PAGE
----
Daltons Atomic Theory of Matter

Modern chemistry recognizes many compounds and mixtures that result from the bonding of atoms. This basic idea is the heart around which all chemistry is structured. However, it wasn’t until the late 1700’s that these important building blocks of chemistry were discovered.

Antoine Lavoisier was the French chemist who was the first to establish an experimentally useful definition of an element. Although he had no concept of atoms, he determined that elements are substances that cannot be decomposed by any chemical reaction into simpler substances. He then realized that compounds contain definite proportions of the elements it contains. Lavoisier’s discoveries led to many other important findings that shaped the chemistry that we study today.

Lavoisier laid the experimental foundation of modern chemistry, but it wasn’t until John Dalton came around that scientists began to identify the small particles we know as atoms.

John Dalton, born in 1766, presented the results of his studies as postulates or basic statements that would define chemistry in a new way. Dalton proposed in his postulates that one: Elements are made up of tiny particles called atoms; two: All elements of a given element are identical; three: The atoms of a given element are different from those of any other element; the atoms of different elements can be distinguished from one another by their respective relative weights; four: Atoms of one element can combine with atoms of other elements to form chemical compounds; and five: Atoms cannot be created, divided into smaller particles, nor destroyed in the chemical process.

At the Time, Dalton’s postulates seemed to have uncovered more about chemistry and have a large impact on chemistry. Today, his theory still has the large impact; however, modern scientists have disproved 2 of his postulates. First of all, we know that the atoms of an element are not always identical. Atoms can exist as isotopes, which are atoms with the same number of protons and electrons, but a varying number of neutrons. Second, scientists have shown that with a tremendous amount of energy, atoms can be changed from their original state (this disproves the fifth and final postulate).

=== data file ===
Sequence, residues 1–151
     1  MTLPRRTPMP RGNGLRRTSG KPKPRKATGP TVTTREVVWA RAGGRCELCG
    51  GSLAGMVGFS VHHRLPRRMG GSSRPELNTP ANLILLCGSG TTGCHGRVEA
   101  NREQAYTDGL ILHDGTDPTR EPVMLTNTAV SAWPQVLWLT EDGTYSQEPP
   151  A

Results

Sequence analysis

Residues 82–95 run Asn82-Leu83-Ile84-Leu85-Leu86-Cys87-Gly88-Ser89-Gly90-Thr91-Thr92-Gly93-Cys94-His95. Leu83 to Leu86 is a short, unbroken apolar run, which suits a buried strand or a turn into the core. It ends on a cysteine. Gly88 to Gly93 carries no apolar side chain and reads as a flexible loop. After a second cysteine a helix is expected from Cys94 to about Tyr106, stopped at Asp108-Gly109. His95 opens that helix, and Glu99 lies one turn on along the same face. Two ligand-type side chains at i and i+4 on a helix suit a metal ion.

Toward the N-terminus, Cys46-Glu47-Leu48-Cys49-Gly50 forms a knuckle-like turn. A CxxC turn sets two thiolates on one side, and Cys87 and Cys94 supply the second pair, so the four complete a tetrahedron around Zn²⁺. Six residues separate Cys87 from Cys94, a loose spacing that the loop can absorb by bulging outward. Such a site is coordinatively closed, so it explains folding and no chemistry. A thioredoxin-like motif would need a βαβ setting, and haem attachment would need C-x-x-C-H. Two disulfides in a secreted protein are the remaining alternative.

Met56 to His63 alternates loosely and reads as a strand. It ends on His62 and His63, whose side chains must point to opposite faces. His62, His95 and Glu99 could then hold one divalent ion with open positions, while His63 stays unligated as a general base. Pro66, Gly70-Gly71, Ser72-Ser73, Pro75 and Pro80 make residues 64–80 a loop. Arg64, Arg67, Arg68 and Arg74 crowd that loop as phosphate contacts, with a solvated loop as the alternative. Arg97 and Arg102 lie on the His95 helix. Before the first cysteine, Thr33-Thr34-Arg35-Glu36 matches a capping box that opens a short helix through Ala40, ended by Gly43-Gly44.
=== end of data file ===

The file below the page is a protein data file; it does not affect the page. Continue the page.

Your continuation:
Although Dalton’s theory may not be 100% correct, his findings were quite impressive, especially when very little of the scientific resources that are available today had not yet been invented at the time. John Dalton’s original observation that evaporated water existed as an independent gas. He began to question how air and water can occupy the same space at the same time and reasoned that evaporation might be viewed as water particles mixing with water particles. After experimenting with the mixing of gases, Dalton proposed that the sizes of particles that make up different gases must be different. This hypothesis lead to further experimenting and Dalton discovered that atoms have different weights that are vitally connected to the weight relations in chemical reactions.

Over the years, decades and centuries, Dalton’s atomic theory has been tested many times and supported by recent evidence. Modern chemistry would not be what it is today if it were not for the vital discoveries made by John Dalton.